The question mark (?) character can be used only in the dayofmonth and dayofweek fields, but not at the same time. You can think of the ? character as "I don't care what value is in this field." This is different from the asterisk, which indicates every value for the field. The ? character says that no value was specified for this field.

The reasons a value can't be specified for both fields are tough to explain and even tougher to understand. Basically, if a value was specified for each, the meaning would become ambiguous: Consider if an expression had the value 11 in a field for the day of the month and a value of WED in the field for the day of the week. Should that trigger fire only on the 11th of the month if it falls on a Wednesday? Or should it fire on both the 11th and every Wednesday? The ambiguity is removed by not allowing a value in both fields at the same time.

Just remember that if you specify a value in one of the two fields, you must put a ? in the other.

Example expression:

0 10,44 14 ? 3 WED

Meaning: Fire at 2:10 PM and 2:44 PM every Wednesday in the month of March.

The , Character

The comma (,) character is used to specify a list of additional values within a given field. For example, using the value 0,15,30,45 in the second field means to fire the trigger every 15 seconds.

Example expression:

0 0,15,30,45 * * * ?

Meaning: Fire the trigger on every quarter-hour.

The / Character

The slash (/) character is used to schedule increments. We just used the comma to increment every 15 minutes, but we could have also written it like 0/15.

Example expression:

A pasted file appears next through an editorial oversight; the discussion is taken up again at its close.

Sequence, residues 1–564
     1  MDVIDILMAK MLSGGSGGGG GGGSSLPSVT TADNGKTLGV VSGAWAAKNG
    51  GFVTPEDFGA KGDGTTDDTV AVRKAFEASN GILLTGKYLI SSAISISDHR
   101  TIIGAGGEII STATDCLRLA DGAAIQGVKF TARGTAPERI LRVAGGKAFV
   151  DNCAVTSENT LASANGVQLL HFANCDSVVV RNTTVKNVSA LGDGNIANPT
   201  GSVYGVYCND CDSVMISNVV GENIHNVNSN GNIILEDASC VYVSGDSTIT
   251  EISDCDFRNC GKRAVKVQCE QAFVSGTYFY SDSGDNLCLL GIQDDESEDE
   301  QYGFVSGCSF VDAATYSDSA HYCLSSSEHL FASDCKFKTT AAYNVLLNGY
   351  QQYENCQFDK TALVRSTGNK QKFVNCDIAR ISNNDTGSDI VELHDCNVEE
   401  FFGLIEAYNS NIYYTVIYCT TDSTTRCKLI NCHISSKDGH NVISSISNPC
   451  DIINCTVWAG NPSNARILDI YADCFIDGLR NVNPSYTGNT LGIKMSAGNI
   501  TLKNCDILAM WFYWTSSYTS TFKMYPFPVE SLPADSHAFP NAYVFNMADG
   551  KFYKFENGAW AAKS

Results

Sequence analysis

0/15 0/30 * * * ?

Meaning: Fire the trigger every 15 seconds on the hour and half-hour.

You can't increment beyond the fields range. For example, you can't specify 30/20 in the second field and expect the scheduler to fire correctly.

The Character

The hyphen (-) character is used to specify a range. For example, 3-8 in the hour field means "the hours 3, 4, 5, 6, 7, and 8." The fields will not wrap, so values such as 50-10 are not allowed.

Example expression:

0 45 3-8 ? * *

Meaning: Fire the trigger on 45 past the hours 3 AM through 8 AM.

The L Character

The L character represents the last allowed value for the field. It is supported by the dayofmonth and dayofweek fields only. When used in the dayofmonth field, it represents the last day of the month for the value specified in the month field. For example, when the month field has JAN specified, using L in the dayofmonth field would cause the trigger to fire on January 31. If SEP was specified as the month, then L would mean to fire on September 30. In order words, it means to fire the trigger on the last day of whatever month is specified.